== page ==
Tag: market failure

Let’s Not Lose Sight of a Real Education Market

Over the last few days Jay Greene, the Fordham Institute’s Kathleen Porter-Magee, and several other edu-thinkers have been arguing about whether national curriculum standards would destroy a competitive market in education, and a market that already provides the uniform standards Fordham wants Washington to impose. But let’s be very clear: We haven’t had a real market – a free market – in education for a long time.

Sadly, I’m afraid Jay started this whole mess, though he certainly knows what a free market in education would look like and I don’t think he intended to confuse the issue.  Indeed, he doesn’t use the term “free market,” but mainly writes about the “competitive market between communities.” His argument is that Americans over time picked standardized curricula and schools by moving to districts that provided such things. He is no doubt at least partially right, though the case is hardly open and shut. Indeed, there is strong historical evidence that district consolidation and uniformity was often pushed on small districts from outside, especially in urban areas. It is also quite possible that many people moved to districts with uniform offerings not in search of such offerings, but in search of something else that happened to coincide with them. Most notably, industrialization brought many people to cities in search of employment, and school uniformity often came with that. Finally, the economist whose work inspired Jay’s post notes that while he believes small rural districts died largely due to residents abandoning them, he concedes that there is a “lack of direct evidence connecting rural property values with local decisions about consolidation.”

Those caveats aside, Jay’s point is a still good one that I have made before, most notably when discussing schooling and social cohesion: People will tend to have their children learn many ”common” things because that is the key to personal success. People will learn what they need to in order to work effectively and successfully in society.  Moreover, people will simply tend to gravitate toward things that work.

So the main problem in the Greene-Fordham debate is not that Jay’s points are necessarily wrong, it’s that “competitive market between communities” is too easily misconstrued as “free market,” and it fails to acknowledge the gigantic inefficiencies that come from government monopolies, whether controlled at the district, state, or federal level. Those include the massive, expensive waste that fills the pockets of special interests employed by the system; constant conflict over what the schools will teach; and at-best very ponderous competition – if you want a better school you have to buy a new house – that quashes crucial innovation and specialization. Worse yet, it leads to the following kind of crucial, damaging misunderstanding by Porter-Magee:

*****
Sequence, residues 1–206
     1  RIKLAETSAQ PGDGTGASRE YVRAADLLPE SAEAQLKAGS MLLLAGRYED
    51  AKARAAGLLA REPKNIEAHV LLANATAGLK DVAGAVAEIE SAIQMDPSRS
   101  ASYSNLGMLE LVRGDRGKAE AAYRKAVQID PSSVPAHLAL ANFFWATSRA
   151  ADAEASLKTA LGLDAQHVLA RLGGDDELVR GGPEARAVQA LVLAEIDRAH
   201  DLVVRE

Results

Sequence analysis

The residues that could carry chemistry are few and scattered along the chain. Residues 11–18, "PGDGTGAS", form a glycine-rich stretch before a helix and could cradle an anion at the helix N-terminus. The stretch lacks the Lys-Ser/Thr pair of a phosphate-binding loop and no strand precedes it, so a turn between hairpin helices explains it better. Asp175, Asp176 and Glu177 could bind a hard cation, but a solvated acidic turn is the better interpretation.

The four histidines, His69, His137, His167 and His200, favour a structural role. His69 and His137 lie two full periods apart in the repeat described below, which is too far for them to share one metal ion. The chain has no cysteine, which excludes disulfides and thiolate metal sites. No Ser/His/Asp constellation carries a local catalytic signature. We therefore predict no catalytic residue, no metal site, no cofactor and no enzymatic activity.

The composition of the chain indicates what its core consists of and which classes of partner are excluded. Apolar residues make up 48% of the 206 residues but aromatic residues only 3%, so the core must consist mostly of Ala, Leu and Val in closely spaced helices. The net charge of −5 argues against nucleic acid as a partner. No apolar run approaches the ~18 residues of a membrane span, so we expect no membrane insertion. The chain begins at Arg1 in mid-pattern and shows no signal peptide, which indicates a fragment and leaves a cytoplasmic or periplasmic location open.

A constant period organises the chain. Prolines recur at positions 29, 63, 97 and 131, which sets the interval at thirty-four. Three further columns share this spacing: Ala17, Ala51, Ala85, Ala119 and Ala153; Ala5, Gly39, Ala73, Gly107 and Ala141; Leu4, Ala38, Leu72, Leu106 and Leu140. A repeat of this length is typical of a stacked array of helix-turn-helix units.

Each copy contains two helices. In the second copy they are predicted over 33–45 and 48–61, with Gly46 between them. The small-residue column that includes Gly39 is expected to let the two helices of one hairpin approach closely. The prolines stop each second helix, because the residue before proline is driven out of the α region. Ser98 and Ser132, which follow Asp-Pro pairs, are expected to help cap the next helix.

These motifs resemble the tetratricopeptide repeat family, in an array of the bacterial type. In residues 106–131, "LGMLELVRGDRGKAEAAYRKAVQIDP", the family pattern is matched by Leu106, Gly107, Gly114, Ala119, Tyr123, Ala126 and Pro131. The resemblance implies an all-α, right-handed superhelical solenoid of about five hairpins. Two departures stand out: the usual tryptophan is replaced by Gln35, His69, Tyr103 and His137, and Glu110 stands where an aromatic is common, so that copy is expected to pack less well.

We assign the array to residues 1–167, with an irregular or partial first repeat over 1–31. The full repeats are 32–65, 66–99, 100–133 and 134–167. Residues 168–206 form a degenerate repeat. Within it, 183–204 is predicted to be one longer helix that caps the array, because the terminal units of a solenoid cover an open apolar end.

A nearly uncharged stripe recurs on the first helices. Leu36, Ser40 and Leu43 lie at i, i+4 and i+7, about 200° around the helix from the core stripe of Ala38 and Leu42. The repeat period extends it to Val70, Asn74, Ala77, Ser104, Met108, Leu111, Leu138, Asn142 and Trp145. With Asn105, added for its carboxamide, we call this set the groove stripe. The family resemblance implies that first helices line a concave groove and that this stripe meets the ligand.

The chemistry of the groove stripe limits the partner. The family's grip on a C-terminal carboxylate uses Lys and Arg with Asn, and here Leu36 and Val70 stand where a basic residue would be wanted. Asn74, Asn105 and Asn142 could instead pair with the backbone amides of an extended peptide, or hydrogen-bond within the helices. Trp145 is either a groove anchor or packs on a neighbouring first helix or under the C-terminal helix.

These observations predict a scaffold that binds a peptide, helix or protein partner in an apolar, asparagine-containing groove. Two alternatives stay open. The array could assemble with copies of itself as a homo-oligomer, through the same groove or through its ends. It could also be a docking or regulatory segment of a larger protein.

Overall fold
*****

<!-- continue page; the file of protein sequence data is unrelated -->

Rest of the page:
For more than a decade we have been conducting a natural experiment where we let market forces drive standards setting at the state level. The result? A swift and sure race to the bottom. A majority of states had failed to set rigorous standards for their students—and had failed to create effective assessments that could be used to track student mastery of that content. In fact, the whole impetus behind the Common Core State Standards Initiative was to address what was essentially a market failure in education.

This is wrong, as they say, on so many levels!

First, we do not have real market forces anywhere at work in the current, NCLB-dominated regime. Using the quick list of market basics that John Merrifield lays out in his Policy Analysis on school choice research, a truly free market needs ”profit, price change, market entry, and product differentiation.” None of these are meaningfully at work in public schooling, with profit-making providers at huge tax-status disadvantages; public schools artificially “free” to customers; high legal barriers to starting new institutions that can meaningfully compete with traditional public schools; and requirements that all public schools teach the same things, at least at the state level. 

Moreover, if you want to talk about competition between states – which is more in line with what Jay was discussing – under NCLB all states have faced the same, overwhelming incentives to establish low standards, weak accountability, or both: If they don’t get their students to something called “proficiency” – which they define – the federal government punishes them! In light of that, of course they have almost all set very low “proficiency” bars. But that is about as far from “a natural experiment where we let market forces drive standards setting” as you can get! Indeed, it is a brilliant example not of market failure, but government failure!